In order to move forward in a meaningful way, we must reflect upon the past. Our travels are more important than the destination.
TZELEM ELOKIM/DIVINE IMAGE
Dignity & Potential of Each Person
The image of the child as capable and competent is a core Reggio philosophy value. We view children, families, and colleagues with dignity. This is a lens of accountability, empathy, and self-worth.
Belonging & Commitment – Community
A bound and trusted relationship allows us to unite with others in pursuit of a shared vision. It enables us to grow, take risks, and share with honesty.
The spirit of inquiry within human nature is the drive that aides in reflection and growth. To question, to debate, to interpret, and to communicate are all essential components of the Jewish tradition.
When we as adults take the time to slow down, we become more aware of the miracles that exist in every moment, allowing gratitude to flow freely through us. Young children are more apt to wonder, naturally embracing life with exuberance.
TIKKUN OLAM/REPAIR OF THE WORLD
Repairing the world is done with a spirit of generosity and a partnership with families and children to continuously make a difference in our community. There is a sense of responsibility to perform social “acts of kindness” every day.
We envision holiness in terms of sacred time, spaces, and intentions. We find holiness at distinct times in the Jewish calendar, such as Shabbat and holidays. We also unearth holiness in our daily experiences as we observe the interactions of children, listen to their voices, and discover life togethe
Learning through play describes how a child can learn to make sense of the world around them. Through play children can develop social and cognitive skills, mature emotionally and gain the self-confidence required to engage in new experiences and environments.
Children possess a natural curiosity to explore and use play as a way to explore the world around them. In the book Einstein Never Used Flash Cards, five elements of children’s play are listed:
- Play must be pleasurable and enjoyable.
- Play must have no extrinsic goals; there is no prescribed learning that must occur.
- Play is spontaneous and voluntary.
- Play involves active engagement on the part of the player.
- Play involves an element of make-believe.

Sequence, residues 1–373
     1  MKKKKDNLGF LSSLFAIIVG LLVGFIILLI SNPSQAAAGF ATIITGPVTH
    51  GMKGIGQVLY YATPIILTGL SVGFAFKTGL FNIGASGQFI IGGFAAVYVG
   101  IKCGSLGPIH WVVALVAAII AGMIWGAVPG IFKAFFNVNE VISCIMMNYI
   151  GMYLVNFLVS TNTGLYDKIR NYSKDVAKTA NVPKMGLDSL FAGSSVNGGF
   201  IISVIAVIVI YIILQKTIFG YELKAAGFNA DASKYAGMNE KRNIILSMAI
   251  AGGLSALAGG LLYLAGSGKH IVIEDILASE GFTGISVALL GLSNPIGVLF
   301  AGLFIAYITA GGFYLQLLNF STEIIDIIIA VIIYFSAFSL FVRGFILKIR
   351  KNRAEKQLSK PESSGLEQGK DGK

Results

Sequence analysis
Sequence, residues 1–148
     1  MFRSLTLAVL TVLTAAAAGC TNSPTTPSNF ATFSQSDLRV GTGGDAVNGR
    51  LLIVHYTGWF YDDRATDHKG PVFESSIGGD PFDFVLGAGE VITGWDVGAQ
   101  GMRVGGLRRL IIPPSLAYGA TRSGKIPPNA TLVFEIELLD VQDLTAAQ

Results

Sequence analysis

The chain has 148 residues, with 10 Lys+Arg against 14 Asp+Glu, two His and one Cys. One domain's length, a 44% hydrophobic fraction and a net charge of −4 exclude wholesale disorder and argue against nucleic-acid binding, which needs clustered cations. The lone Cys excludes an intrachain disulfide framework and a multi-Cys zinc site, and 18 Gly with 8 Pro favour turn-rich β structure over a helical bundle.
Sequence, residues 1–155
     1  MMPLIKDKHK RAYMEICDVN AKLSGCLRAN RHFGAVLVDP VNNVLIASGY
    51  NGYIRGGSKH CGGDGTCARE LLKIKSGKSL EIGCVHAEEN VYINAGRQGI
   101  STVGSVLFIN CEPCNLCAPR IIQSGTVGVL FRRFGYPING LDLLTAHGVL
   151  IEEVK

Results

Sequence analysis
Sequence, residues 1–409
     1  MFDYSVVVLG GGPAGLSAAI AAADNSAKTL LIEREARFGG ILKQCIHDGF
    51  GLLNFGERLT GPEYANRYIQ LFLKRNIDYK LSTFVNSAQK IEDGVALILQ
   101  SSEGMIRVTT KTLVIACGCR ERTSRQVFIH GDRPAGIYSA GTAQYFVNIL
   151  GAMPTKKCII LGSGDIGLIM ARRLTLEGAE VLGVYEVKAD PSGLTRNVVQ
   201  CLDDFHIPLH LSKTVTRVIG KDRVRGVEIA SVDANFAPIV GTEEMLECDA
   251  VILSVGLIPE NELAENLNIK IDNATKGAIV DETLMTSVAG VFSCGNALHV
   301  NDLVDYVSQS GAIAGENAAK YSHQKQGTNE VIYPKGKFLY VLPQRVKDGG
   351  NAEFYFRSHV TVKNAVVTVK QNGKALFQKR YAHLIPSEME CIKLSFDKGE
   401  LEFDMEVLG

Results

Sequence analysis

Some additional resources on Play-Based learning and the research behind the approach from NAEYC:
- “Research News You Can Use: Debunking the Play vs. Learning Dichotomy”
- “The Case of Brain Science and Guided Play: A Developing Story”
- “Play Games, Learn Math! Explore Numbers and Counting with Dot Card and Finger Games”
- “The Beauty of Early Childhood Mathematics: Playful Math = Engaged Learning”
Our play-based, Sheva curriculum, is based on the Reggio Emilia approach to early childhood education.
BAS is located on the campus of the Evelyn Rubenstein JCC which provides a unique learning experience for our students. As part of our school day, students participate in several enrichment programs including but not limited to CATCH, music, movement, outdoor learning and gardening, Shabbat, Havdalah, and special events during Jewish holidays. During the summer, children participate in age-appropriate water experiences.
With access to the JCC camps, BAS students and families also have access to the health & fitness facilities, pools, gymnastics, and dance programs.
Specialty classes in swimming, sports, dance, gymnastics and more will allow your child to find hidden talents, learn new skills and have fun! Instructors will come to BAS to transport the students to their programs and back to class, so you don’t have to be present to take them to and from.
Summer camp at the J is when children have the chance to just be children. We provide an enriching, safe and active summer experience for 3- and 4-year-olds that ensures every camper has the best summer ever! Camp is more than fun and games; we also focus on building friendships by learning social and emotional skills. Registration for preschool and Pre-K summer camp is separate from registration for the school year. First consideration is given to children enrolled in BAS.
The curriculum and learning at BAS is enriched through community and curriculum-based partnerships with local and national organizations. These relationships help our school provide children with unique learning opportunities and our staff with ongoing professional development. Currently we partner with the following organizations:
Assistant Director, Bertha Alyce Early Childhood School
ECE Financial Supervisor & Scholarship Coordinator
Member Services Coordinator, Bertha Alyce School